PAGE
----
After that night off following their massively successful Halloween show the band hit the stage on November 2nd (a date with its own long and often legendary history) for what would be their singular outdoor performance of the Fall 1996 Tour, something Trey mentions in a bit of banter in the first set. They are again joined on stage by Karl Perazzo for this show and get right to the matter at hand by dropping a Ya Mar that will have you looking for the waiter to order up some umbrella drinks. They ride the island groove for a bit here, daring you to not dance along to the beats. Julius rocks in next and while the added percussion doesn’t really do a whole lot here Trey does take some big time rocker leads which is pretty typical, particularly here in ’96. The three slot breath catcher tune tonight is Fee which oddly works well with Karl on board and in the aftermath we segue directly into Taste. Tonight’s is perhaps not quite as big as the first one Karl sat in for on 10.29.1996 but it is still quite good. This is one of the first ones that I directly recall hearing the overt WTU? theme being played by Trey but I might just have to go back to ones prior to listen a bit closer. It is one of those things that once you hear it you always do and in this version it sticks out big time. The ending of Taste is a bit different as when they come back for the final lovely bit they instead hit the chop chords a few more times, eventually shutting it down without much fanfare. Here is where we get a bit of Trey banter, first introducing Karl to the crowd and pointing out how awesome it is for him to be on stage with them and then mentioning the bit about this being the only outdoor show of the tour.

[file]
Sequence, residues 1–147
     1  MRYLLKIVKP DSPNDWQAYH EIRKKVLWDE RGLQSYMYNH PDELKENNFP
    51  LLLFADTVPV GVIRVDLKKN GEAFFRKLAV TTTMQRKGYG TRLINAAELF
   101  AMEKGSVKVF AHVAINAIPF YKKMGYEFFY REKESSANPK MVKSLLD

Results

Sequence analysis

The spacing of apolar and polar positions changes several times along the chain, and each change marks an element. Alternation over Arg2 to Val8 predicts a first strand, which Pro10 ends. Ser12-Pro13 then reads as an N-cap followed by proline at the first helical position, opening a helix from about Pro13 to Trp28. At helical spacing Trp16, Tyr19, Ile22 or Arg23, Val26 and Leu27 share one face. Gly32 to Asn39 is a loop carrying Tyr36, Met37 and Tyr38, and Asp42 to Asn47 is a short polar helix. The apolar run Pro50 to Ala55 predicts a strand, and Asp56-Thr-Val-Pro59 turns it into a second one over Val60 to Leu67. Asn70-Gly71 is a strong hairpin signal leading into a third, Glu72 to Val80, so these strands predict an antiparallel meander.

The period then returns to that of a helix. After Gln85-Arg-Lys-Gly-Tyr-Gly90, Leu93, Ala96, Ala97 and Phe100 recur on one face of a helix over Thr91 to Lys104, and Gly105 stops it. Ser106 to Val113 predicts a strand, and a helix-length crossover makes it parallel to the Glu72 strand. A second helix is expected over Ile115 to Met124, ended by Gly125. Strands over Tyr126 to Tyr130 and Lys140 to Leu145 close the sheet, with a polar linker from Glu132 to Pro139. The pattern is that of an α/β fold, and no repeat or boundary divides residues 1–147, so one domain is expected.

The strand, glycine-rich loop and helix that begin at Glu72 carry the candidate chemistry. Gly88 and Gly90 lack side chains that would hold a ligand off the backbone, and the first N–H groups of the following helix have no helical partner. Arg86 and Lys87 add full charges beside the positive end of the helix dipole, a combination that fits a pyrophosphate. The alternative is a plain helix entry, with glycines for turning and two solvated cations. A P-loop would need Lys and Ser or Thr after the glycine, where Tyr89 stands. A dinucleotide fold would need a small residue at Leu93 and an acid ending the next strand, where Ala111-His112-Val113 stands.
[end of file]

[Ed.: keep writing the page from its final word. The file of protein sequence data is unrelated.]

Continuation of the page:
Next up is Cavern, a song I have a personally complicated relationship with considering it is somehow one of my most frequently seen songs and always ALWAYS seems to chase me but I will say that this is a quite fun version what with the added percussion and a bit of an extended ending as they work into the beginning of Stash. Stash tonight is all pretty much “in bounds” but there is a bit (starting around the 7:00 mark or so) where Trey starts a theme that persists throughout the balance of the song (with others chiming in) which feels like it is pulled from a James Bond soundtrack. It isn’t a direct reference but the feeling is there. This is followed by a solid run through The Lizards (another song that doesn’t seem to need extra percussion but it again works) and then a crunchy, percussive (obviously!) Free that stays at home but provides for some solid rocking out. After a bit more banter from Trey we are on to the closer, Johnny B Goode. This rocker wraps up a pretty fun if not necessarily exploratory first set which fits with what we have seen so far this tour. They are stretching out a bit more than perhaps they would what with Karl on board but there is a lot left in the tank here. So over the setbreak you have to be wondering what is in store, including whether they might bring back one of those groovy new Talking Heads covers from the other night…